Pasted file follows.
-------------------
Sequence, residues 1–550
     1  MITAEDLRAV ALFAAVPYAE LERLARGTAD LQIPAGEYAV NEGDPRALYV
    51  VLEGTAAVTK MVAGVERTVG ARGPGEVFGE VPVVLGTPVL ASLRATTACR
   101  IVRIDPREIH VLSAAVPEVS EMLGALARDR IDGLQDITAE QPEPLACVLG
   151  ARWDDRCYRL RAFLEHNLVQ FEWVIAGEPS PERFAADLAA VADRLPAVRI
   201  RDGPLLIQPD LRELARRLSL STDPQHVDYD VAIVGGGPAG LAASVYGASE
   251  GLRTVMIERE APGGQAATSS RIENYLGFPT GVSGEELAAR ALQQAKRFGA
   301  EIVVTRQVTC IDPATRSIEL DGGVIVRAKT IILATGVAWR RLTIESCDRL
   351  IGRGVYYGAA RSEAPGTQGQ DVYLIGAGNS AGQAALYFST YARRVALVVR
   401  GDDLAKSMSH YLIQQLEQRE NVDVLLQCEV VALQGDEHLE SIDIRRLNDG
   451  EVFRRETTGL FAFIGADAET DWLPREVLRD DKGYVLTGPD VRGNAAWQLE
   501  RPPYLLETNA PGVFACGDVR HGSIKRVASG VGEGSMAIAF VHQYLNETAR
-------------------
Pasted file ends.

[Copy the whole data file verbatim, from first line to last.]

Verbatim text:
Sequence, residues 1–550
     1  MITAEDLRAV ALFAAVPYAE LERLARGTAD LQIPAGEYAV NEGDPRALYV
    51  VLEGTAAVTK MVAGVERTVG ARGPGEVFGE VPVVLGTPVL ASLRATTACR
   101  IVRIDPREIH VLSAAVPEVS EMLGALARDR IDGLQDITAE QPEPLACVLG
   151  ARWDDRCYRL RAFLEHNLVQ FEWVIAGEPS PERFAADLAA VADRLPAVRI
   201  RDGPLLIQPD LRELARRLSL STDPQHVDYD VAIVGGGPAG LAASVYGASE
   251  GLRTVMIERE APGGQAATSS RIENYLGFPT GVSGEELAAR ALQQAKRFGA
   301  EIVVTRQVTC IDPATRSIEL DGGVIVRAKT IILATGVAWR RLTIESCDRL
   351  IGRGVYYGAA RSEAPGTQGQ DVYLIGAGNS AGQAALYFST YARRVALVVR
   401  GDDLAKSMSH YLIQQLEQRE NVDVLLQCEV VALQGDEHLE SIDIRRLNDG
   451  EVFRRETTGL FAFIGADAET DWLPREVLRD DKGYVLTGPD VRGNAAWQLE
   501  RPPYLLETNA PGVFACGDVR HGSIKRVASG VGEGSMAIAF VHQYLNETAR